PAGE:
And then he could see her face. She had an oxygen tube hooked to her nostrils. Her eyes were closed, but her mouth was hanging open. Mark saw two brass wires jutting out from between her lips—two twisted brass wires curving up toward the overhead lights, one from inside her upper lip, the other from inside her lower lip; two yellow wires, looking like two living things, like two blades of metal grass growing horribly from inside Marion’s gums.
He remembered Giles saying that he had to “open her mouth”. He felt nauseated. He felt faint. The wires had been attached inside Marion’s mouth, then probably twisted together, but to do what? To keep her mouth closed? But now Giles had separated them and opened her mouth, and they looked like they were alive and growing toward the ceiling because Marion Klein was still alive.
He heard a sharp voice saying, “Yeah, 125 over 70, honest to God.”
He felt like he had to sit down and did it suddenly and awkwardly, falling into the nearest chair just five rows from where the world didn’t make any sense anymore.
The paramedic with the radio transmitter assured the Emergency Care physician one more time that all of Marion’s indications were stable and they were bringing her in. Just ten minutes, he said.
Father Mark thought, don’t let her wake up here. And not on the way to the hospital. That would be so awful!
The second paramedic and the officer gathered up medical bags and the transmitter and hurried out the door. The paramedic who remained looked grim. He nodded to the priest, finally, without words, and quickly folded a light-green blanket over Marion’s body. Then he double-checked her IV and the small oxygen monitor that was still on her fingertip.
Father Mark wondered when the police officer would be phoning in his incident report, and wondered what he would say.
The technician and officer were back in a matter of seconds, moving quickly. Then the three men were on familiar ground, packing up to leave, every movement quick and professional.
Just for a quick prayer, a blessing, something, Father Mark wanted to get to Marion’s side before she was taken away. It was what a priest should do, and what a friend should do. But when he tried to stand again his head was so light that he thought he might pass out, so he held onto the chair in front of him and sat down again, closing his eyes to try and pray silently.
One of the paramedics said with finality, “That’s it.” They had covered her tightly with the green blanket to protect her against the rain and the night and against being caught up again in her own death. They were already wheeling her past the priest and up the aisle to the door. He did not get to touch her. He reached out with his left hand as the stretcher rushed by him and said, weakly, “God bless you, Marion”, and she was gone.
Then he heard another voice cry out from down the hall, a high-pitched woman’s voice that he recognized, shouting, “Giles!”
Helen MacInnes had burst in from the parking lot and come face-to-face with the medical team rushing with the stretcher toward the front door. She cried for her husband and reeled backward, hurling herself away and to one side, trying desperately to escape whatever it was that was happening to this woman and to her husband, and to her children and to her world. Her face was white and ghastly.
There was a sharp, “Excuse us, ma’am!” as the two paramedics rushed Marion passed the reeling woman and out the door.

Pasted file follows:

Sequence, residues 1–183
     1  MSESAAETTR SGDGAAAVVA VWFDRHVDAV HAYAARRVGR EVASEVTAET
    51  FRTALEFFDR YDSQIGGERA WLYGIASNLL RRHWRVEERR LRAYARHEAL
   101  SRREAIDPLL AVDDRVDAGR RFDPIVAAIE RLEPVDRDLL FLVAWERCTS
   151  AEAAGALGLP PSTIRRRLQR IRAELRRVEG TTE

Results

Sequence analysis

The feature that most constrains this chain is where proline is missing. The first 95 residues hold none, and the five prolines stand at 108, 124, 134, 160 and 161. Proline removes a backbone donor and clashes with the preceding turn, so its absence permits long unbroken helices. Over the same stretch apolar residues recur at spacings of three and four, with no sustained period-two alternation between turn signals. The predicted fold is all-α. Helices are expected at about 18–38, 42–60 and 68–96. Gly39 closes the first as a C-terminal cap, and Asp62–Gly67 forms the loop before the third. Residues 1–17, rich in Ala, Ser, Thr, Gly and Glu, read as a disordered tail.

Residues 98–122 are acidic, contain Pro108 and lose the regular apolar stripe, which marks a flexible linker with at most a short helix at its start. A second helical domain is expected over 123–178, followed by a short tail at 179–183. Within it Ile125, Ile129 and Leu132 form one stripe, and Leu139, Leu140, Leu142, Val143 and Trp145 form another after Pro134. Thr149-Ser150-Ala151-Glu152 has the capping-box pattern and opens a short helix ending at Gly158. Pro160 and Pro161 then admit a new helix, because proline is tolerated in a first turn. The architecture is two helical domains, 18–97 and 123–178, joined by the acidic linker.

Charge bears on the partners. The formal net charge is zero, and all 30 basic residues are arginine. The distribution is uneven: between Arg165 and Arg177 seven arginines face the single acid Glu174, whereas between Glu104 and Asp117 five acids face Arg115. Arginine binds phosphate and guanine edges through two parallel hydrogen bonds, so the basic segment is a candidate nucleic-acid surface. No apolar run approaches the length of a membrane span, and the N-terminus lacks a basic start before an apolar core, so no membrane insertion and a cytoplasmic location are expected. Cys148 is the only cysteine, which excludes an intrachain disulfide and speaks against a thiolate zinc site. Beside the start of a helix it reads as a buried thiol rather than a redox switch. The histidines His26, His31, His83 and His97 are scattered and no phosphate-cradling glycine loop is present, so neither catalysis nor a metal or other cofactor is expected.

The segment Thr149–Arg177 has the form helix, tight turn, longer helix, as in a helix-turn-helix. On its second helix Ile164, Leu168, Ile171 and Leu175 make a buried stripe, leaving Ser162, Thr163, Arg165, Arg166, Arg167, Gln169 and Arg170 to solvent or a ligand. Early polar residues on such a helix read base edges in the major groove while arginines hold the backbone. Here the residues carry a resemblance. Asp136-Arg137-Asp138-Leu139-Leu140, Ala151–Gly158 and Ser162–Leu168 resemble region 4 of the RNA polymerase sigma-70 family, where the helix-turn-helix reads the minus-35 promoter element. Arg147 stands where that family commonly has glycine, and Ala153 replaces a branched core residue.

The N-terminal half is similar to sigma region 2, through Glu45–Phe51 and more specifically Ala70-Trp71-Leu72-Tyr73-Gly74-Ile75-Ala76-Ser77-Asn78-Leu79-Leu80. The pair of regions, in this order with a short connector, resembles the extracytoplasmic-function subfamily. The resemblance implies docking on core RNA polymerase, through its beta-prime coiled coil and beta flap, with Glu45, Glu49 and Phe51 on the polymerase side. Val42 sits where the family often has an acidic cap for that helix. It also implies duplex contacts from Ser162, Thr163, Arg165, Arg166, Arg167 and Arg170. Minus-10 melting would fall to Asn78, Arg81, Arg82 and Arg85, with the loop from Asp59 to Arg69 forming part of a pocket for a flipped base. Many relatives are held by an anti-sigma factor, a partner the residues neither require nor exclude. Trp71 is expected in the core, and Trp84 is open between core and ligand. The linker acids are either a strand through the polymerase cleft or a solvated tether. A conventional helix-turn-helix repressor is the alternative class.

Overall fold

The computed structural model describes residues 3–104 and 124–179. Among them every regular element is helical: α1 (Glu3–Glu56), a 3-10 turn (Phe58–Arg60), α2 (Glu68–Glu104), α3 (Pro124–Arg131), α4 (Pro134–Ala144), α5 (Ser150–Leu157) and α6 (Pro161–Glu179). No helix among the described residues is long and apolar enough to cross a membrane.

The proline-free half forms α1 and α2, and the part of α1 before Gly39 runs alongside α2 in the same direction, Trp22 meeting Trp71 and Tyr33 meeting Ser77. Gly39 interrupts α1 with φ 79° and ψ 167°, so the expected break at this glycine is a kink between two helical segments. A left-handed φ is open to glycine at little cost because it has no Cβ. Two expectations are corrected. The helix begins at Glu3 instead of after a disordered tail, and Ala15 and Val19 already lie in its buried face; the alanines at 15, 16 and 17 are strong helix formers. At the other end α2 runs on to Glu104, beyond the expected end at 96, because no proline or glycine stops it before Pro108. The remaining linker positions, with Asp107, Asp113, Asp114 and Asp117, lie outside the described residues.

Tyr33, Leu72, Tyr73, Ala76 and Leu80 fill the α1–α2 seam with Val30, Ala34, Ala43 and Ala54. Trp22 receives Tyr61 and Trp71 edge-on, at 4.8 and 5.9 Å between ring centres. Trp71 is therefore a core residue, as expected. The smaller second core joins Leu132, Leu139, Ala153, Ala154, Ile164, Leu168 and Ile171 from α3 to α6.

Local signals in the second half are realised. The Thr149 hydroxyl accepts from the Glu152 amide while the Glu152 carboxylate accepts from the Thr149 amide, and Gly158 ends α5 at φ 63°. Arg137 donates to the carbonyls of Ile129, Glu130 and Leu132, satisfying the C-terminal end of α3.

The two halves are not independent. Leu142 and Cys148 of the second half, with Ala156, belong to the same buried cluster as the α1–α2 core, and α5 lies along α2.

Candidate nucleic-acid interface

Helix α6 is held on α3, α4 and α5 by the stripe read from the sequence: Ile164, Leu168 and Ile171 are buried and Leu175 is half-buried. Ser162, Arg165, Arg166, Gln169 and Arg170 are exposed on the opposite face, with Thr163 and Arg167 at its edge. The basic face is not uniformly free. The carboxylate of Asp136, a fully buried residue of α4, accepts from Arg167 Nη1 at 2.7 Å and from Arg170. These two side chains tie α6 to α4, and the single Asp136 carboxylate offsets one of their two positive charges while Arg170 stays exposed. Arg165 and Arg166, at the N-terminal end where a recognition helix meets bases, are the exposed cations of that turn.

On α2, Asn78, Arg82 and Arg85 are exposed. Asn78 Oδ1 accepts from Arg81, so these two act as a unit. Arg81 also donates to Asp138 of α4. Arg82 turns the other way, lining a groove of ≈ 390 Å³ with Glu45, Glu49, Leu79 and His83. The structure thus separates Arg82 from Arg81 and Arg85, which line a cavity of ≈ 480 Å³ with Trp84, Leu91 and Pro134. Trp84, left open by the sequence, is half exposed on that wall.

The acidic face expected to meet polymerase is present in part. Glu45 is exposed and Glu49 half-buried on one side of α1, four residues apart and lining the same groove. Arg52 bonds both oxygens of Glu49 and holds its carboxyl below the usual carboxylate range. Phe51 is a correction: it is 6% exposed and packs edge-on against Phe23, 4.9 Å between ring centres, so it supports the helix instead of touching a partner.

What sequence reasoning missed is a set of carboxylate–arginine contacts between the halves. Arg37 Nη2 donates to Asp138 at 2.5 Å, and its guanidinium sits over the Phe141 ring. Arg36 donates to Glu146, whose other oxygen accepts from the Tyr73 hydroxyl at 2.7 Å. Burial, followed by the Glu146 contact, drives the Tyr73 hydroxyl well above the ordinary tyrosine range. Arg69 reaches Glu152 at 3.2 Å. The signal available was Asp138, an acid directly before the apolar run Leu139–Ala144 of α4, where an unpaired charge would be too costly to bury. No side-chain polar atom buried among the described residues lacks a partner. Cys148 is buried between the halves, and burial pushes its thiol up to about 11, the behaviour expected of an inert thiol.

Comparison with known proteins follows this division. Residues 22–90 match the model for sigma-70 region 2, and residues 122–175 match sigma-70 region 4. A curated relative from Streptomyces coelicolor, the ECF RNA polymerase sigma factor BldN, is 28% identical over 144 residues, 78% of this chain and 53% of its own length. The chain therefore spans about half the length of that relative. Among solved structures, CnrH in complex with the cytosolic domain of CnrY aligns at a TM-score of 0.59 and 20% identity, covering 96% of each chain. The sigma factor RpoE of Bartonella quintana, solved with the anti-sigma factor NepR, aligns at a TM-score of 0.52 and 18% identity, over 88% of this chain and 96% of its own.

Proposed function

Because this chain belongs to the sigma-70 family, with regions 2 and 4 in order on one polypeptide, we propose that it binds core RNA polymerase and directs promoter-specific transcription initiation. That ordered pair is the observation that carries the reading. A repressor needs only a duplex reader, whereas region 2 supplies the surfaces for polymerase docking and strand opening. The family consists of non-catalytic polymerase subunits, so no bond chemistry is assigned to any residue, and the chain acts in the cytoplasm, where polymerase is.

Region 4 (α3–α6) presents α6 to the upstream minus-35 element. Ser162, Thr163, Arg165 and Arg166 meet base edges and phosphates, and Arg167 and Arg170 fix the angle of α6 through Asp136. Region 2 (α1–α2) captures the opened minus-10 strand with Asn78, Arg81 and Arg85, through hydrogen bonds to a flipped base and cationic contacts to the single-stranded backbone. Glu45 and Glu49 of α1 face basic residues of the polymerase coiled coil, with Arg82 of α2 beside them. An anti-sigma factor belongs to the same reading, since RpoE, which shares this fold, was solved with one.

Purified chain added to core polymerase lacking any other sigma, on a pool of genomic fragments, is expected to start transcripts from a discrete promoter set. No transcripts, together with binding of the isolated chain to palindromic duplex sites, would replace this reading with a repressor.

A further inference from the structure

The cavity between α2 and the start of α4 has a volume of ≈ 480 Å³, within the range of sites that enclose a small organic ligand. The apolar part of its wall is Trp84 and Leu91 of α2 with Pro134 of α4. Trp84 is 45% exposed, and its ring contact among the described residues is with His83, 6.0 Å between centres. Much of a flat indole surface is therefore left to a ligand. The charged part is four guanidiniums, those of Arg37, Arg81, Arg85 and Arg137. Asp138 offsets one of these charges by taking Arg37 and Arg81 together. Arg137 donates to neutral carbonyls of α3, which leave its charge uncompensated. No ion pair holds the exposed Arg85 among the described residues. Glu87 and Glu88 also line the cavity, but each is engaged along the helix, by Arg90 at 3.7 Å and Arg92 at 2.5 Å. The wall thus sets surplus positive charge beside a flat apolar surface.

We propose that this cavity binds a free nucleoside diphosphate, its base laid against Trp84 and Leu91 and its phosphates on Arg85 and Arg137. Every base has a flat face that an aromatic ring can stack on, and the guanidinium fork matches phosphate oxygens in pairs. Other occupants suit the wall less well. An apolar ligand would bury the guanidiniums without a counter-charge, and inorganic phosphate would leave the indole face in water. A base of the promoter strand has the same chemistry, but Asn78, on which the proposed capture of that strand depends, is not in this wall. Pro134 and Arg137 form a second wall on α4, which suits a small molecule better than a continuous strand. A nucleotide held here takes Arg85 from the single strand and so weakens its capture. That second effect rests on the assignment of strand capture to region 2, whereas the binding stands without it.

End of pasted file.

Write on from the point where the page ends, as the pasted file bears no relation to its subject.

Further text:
Giles rose in front of the couch, focusing on Helen but hopelessly unsure about what he should do.
Helen began to sag at the knees, and the police officer jumped aside to support her. He held her steady by her upper arms and shot a hard glance at Giles, silently demanding help. He would not wait long.
Helen saw Giles looking at her and spun toward him, twisting free from the officer’s grip, her knees firm again, her right hand reaching out, begging support.
The officer saw his chance and escaped as the whoop of a siren sounded outside.
Doors slammed. Another siren joined the first in uneven screams as the Life Support Unit and the police cruiser with their reds and blues and living but unconscious Marion Klein left to spread their high-speed panic south on Crooks Road, all the way to Fremont Hospital.
The phone in the office was ringing. It was a distant office, down the hall to the left, and with the office door shut it was a distant ring. No one moved to answer it. Enough was enough.
Helen held Giles, and they sat down together slowly on the couch like a single, heavy, aged figure. Both were crying. They were holding hands. The phone in the office kept ringing.
Helen began to rock in slow, emotional waves—slight at first, then more pronounced—and she began to cry. She gathered herself up suddenly, trying to be a strong companion to her struggling husband; then she sagged into tears again, simply rocking at her husband’s side, back and forth—the helpless wife, unable to bear so much pain and confusion.
In fact, Father Mark thought, she was the helpless wife. And in fact, Giles was the helpless husband. And in fact, he was the helpless priest. Marion Klein had grown toxic with a raging cancer. She had stopped breathing, been examined at Fremont Hospital by competent doctors, and declared legally dead. She had been kept in a morgue at forty degrees for nearly twenty-four hours and delivered to a funeral home. She had been wired with brass wires and dressed for burial and prayed over and mourned and God only knew what else; he was afraid to think what else.
But her breathing was now regular. Her color looked normal. Her flesh was soft enough for insertion of an IV. Her blood was flowing, and she was alive.
He realized that he was crying, too.